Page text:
Talk highlights means to preventing serious diseases

Talk highlights means to preventing serious diseases
The Encinitas City Council agrees unanimously to honor the Encinitas Little League All-Star team in a number of ways, including opening this year’s holiday parade. The team made it to the semifinals of the West Regional Tournament. Courtesy photo

RANCHO SANTA FE — The RSF Library presented an informative reception championed by Dr. Lindsey McIlvena, who specializes in preventive medicine. It’s a field that aims at preventing serious diseases and complications before they happen.

After finishing medical school, McIlvena began a training program in internal medicine spending a large quantity of her time in the hospital. Some patients would be there for days, weeks, and months. Reasons why patients were admitted ranged from infections, heart disease and more.

“It didn’t take me very long to realize that the vast majority of the people who were in the hospital were admitted for reasons that could have been prevented, and I wanted to focus on prevention,” she said. “I was about halfway through my internal medicine training and I switched to preventive medicine.”

According to McIlvena, the number one cause of death in the county is heart disease followed by cancer. She wanted those in attendance to know that every day in this country 1,700 Americans die of cardiovascular disease.

“That’s like one jumbo jet full of people dropping out of the sky every six hours,” she said, putting it into perspective.

Following close behind is cancer, and the cancers that are the leading causes of death include lung, colon, breast and prostate.

“In fact, a lot of statisticians think that cancer is going to overtake heart disease as the number one killer probably within the next decade or so. And the main reason for that is we’ve gotten really good at treating heart attacks.”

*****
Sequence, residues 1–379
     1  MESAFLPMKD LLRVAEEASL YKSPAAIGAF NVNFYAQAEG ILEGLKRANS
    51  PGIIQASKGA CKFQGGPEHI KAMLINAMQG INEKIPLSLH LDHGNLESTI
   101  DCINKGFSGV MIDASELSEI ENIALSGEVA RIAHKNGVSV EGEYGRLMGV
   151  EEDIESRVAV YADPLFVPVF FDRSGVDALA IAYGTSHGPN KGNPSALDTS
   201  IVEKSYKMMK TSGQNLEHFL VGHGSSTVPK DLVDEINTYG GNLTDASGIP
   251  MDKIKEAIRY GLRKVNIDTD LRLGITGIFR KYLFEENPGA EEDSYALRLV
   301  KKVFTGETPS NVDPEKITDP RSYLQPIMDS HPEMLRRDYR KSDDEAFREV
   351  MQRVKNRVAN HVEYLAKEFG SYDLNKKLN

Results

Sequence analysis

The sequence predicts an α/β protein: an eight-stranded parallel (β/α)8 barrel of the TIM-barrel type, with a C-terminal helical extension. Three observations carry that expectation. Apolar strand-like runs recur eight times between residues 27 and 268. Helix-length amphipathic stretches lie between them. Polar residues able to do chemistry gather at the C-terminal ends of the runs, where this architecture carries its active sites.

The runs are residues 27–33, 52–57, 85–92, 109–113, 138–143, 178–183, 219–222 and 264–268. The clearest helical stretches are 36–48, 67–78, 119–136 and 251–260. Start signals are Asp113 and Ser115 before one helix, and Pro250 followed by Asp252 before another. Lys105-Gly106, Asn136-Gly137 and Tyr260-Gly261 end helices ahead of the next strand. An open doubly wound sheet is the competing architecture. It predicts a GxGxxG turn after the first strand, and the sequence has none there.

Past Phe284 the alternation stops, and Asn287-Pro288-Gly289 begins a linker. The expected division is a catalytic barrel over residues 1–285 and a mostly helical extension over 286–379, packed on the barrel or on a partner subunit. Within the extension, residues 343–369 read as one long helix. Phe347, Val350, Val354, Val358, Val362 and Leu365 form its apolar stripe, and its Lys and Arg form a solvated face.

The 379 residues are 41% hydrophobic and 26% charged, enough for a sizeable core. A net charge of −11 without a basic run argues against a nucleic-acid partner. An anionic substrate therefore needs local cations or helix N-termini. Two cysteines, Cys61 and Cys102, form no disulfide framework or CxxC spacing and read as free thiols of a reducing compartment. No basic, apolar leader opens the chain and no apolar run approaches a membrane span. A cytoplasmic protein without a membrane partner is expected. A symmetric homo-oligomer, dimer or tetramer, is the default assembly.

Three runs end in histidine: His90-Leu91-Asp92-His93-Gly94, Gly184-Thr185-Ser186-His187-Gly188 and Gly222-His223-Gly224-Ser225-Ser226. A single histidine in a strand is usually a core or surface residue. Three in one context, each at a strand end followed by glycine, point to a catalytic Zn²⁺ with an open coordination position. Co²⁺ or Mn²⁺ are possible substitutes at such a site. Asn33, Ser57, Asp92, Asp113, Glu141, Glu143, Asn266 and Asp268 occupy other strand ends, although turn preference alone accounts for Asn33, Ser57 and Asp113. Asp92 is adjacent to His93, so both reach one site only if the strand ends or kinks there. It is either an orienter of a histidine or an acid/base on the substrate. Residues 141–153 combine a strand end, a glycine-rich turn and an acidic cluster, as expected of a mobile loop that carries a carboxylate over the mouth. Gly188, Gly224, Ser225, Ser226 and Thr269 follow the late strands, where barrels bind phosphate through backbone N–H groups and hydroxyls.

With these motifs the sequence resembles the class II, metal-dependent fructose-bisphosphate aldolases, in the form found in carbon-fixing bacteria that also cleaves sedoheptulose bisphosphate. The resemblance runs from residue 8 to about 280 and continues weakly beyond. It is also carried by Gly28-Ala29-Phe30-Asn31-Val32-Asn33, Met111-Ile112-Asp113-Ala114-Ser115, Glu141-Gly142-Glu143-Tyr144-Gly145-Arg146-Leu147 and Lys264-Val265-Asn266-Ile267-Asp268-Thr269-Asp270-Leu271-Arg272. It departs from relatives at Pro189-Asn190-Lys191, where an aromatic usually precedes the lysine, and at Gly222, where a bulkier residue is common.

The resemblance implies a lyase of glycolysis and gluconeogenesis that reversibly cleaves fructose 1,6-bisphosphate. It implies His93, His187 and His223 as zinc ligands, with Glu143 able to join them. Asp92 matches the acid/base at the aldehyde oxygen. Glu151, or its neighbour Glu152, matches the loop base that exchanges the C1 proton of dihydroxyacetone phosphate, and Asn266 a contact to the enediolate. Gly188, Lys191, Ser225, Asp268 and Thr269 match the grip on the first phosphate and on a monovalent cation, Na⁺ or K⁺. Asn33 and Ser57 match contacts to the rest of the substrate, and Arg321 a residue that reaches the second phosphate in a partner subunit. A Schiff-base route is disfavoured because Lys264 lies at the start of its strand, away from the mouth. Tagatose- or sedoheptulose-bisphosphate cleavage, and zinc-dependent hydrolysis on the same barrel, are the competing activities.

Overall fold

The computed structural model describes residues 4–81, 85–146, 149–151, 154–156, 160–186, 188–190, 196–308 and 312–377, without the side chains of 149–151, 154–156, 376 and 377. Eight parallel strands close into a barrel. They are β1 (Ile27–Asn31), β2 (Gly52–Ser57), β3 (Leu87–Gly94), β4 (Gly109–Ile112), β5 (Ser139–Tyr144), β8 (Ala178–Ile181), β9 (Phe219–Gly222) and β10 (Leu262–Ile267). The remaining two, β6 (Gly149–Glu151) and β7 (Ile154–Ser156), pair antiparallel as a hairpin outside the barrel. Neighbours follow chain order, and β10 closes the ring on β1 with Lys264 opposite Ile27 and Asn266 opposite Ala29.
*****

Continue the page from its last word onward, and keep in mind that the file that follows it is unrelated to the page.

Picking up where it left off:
It’s estimated that a little bit less than 1,700 Americans are dying of cancer on a daily basis.

That’s roughly four more jumbo jets every day falling out of the sky killing everyone inside, she said.

“If it were actually happening this way, this analogy that I have, we would never stand for this,” McIlvena said.

While she pointed out the number two types of death, the next phase was addressing the causes.

The causes of death in the nation were led by tobacco and followed by a poor diet, lack of exercise, alcohol and stress.

“The choices that we make every day really do matter,” she said.

Harkening back to history, McIlvena recited an ancient Chinese proverb, “He who takes medicine and neglects diet wastes the time of his position.”

McIlvena agrees with this. The Center for Disease Control and Prevention reports that 86 percent of healthcare monies go directly toward the treatment of chronic disease.

McIlvena believes what many American are suffering from is a food borne illness. Not one like E. coli or salmonella, but the foods which may contribute to diabetes, obesity, heart disease, cancer, high blood pressure, and high cholesterol.

“They’re food borne illnesses of a different type,” she said. “The only hope for a cure of them lies in what we’re doing every day and the choices that we’re making.”

The choices, which lead to health, she said, are diet, exercise and stress management.

“If we are amazing at controlling our stress and very resilient in that aspect and are surrounded by people who love us, no amount of love and stress management is going to help us if we have a terrible diet, and we don’t exercise,” Dr. McIlvena said.

As far as food choices, she shared to eat what a great-great-great-grandmother would recognize as food.

She also intertwined Michael Pollan’s definition of food that states, “Eat food, not too much, mostly plants.”

One should eat until they are about 80 percent full where they feel nourished but not stuffed.

“A diet that is 75 to 100 percent or more plant based is the diet that reverses chronic disease,” she said, adding how she has seen people turn their high blood pressure, high cholesterol, arthritis, and diabetes around.

A person’s meal choices start to look different on their plate. Vegetables take up about half, and the other half is split between fruits, legumes and unprocessed whole grains.

“And then there’s a tiny sliver of our plate that can be devoted to meat and dairy which become more like condiments than big components of our meals,” she said.

Apparently, the American Institute of Cancer and the American College of Cardiology is agreeing with this diet change.

“So I will say it again, the choices that we make every day, they really do matter,” Dr. McIlvena said.

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